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Complexities of sectional title complex living prove too much for feuding neighbours

Neighbours in a sectional title complex have been fighting over the pruning of roses, driving over a lawn and swatting bees, with disagreements escalating to a degree that the matter ended up in court. Picture: File

Neighbours in a sectional title complex have been fighting over the pruning of roses, driving over a lawn and swatting bees, with disagreements escalating to a degree that the matter ended up in court. Picture: File

Published Jun 23, 2022

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Pretoria - Living in a sectional title complex can often prove to be more than complex, and particularly so for two neighbours at a KwaZulu-Natal golfing estate.

Among other things, they have been fighting over the pruning of roses, driving over a lawn and swatting bees, with disagreements escalating to a degree that the matter ended up in court.

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Valerie Hutchinson, who has been Michael McGroarty’s neighbour for several years, earlier obtained a protection order against him. He, in turn, sought help from the High Court in Pietermaritzburg to have the order overturned on appeal – and was successful in his legal bid. The two live in a sectional title estate of seven units, where the surrounding land is common property.

Their disagreement started after Hutchinson said she asked McGroarty to trim some overhanging roses. Various altercations followed, including reversing a car over a lawn and allegedly damaging an underground irrigation system. There were also further disputes over renovations, the use of shade cloth, parking issues and the swatting of bees.

The animosity escalated to a point that Hutchinson obtained a judgment at the Magistrate’s Court confirming an earlier interim protection order against McGroarty, issued in terms of the Protection from Harassment Act.

In her application for a protection order, Hutchinson said McGroarty was very aggressive towards her, seemed to be constantly watching her every move when she was outside her unit, and had installed surveillance cameras.

His conduct, according to her, bordered on obsession. She also complained that he interfered in her affairs, especially on the common property, when he had no reason to do so.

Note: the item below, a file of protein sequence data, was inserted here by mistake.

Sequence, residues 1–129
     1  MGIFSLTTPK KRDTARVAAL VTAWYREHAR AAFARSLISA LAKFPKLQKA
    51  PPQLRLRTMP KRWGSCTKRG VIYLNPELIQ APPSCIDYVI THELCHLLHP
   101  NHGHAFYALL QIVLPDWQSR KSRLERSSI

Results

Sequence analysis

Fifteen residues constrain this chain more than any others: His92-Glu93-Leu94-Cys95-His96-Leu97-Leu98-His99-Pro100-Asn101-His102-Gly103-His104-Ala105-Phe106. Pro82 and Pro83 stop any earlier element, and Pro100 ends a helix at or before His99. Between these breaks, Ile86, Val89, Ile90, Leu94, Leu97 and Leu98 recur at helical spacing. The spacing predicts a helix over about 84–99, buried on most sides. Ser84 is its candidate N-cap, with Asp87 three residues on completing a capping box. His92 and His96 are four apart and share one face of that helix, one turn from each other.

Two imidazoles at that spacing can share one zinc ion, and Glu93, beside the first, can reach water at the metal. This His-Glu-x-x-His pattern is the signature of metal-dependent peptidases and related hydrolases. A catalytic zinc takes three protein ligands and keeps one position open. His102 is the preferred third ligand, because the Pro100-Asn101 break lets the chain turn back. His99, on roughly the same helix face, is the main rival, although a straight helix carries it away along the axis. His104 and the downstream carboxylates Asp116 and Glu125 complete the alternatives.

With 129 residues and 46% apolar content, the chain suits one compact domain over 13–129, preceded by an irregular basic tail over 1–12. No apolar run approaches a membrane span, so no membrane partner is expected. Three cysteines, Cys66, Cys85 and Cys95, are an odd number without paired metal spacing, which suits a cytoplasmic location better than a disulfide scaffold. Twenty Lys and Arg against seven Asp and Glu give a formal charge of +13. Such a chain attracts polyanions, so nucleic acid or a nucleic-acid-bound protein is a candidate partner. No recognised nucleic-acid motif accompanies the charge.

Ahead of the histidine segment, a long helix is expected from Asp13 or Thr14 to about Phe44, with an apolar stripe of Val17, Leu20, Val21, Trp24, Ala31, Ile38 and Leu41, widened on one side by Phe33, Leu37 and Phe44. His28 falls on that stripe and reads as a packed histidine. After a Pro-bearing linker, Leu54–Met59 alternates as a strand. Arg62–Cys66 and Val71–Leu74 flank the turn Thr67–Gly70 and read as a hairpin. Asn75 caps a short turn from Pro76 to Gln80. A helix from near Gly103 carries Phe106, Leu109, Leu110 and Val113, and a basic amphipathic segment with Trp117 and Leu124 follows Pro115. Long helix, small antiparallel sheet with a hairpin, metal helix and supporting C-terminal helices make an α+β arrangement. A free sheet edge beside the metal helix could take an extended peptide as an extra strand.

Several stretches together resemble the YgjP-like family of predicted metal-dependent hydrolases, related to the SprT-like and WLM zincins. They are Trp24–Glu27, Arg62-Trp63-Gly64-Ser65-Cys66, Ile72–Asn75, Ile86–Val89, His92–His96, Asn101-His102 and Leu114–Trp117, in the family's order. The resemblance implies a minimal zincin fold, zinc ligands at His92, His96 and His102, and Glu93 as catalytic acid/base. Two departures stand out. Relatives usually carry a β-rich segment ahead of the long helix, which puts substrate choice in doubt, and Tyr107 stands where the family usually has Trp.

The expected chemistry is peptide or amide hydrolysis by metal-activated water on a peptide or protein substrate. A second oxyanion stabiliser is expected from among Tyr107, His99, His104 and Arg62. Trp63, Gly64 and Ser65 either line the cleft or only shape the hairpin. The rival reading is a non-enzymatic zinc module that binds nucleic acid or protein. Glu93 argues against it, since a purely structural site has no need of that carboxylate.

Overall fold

In opposing the protection order, McGroarty contended that Hutchison’s application was nothing but delayed revenge since he and his wife had supported another neighbour in complaints against Hutchinson.

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According to Hutchinson, the harassment started in 2015, when she asked McGroarty and his wife to prune the roses planted in the common property, as they were hanging over into the road that provided access to her house. This request was refused. Since then, interactions between her and McGroatry and his wife became strained, she said.

McGroarty, on the other hand, said Hutchinson did not ask either himself or his wife to prune the roses, and that she unilaterally cut them. Her conduct was, according to him, contrary to the estate rules, which required a request for the pruning of the roses be sent to the estate management, which would arrange with its gardening service to attend to this.

According to him, Hutchinson drove a small vehicle and the overhanging roses did not cause a problem for her. Therefore, cutting the roses herself, without consent, was purely vindictive, he said.

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Another thorn in the flesh was when Hutchinson apparently drove over a lawn with irrigation pipes underneath and damaged the piping and pop-up sprinkler. McGroarty’s wife witnessed this and sent an email to Hutchinson requesting considerate driving.

Various incidents were mentioned to the court, including when Hutchinson was watering the garden on the common property, at which time, she said, her neighbour called her “a stupid cow”.

In overturning the harassment interdict, the court said Hutchinson seemed to have taken it upon herself to do as she wished and on numerous occasions conducted herself in a manner that was provoking. McGroarty reported such conduct to the estate management, but it appears that his complaints were not given consideration. The court added that had the estate dealt with the matter when it started it is unlikely it would have escalated into a court matter.

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In setting aside the order, the High Court said the magistrate should have never issued a final order in the first place, as there was no evidence that McGroarty’s conduct constituted harassment.

Pretoria News

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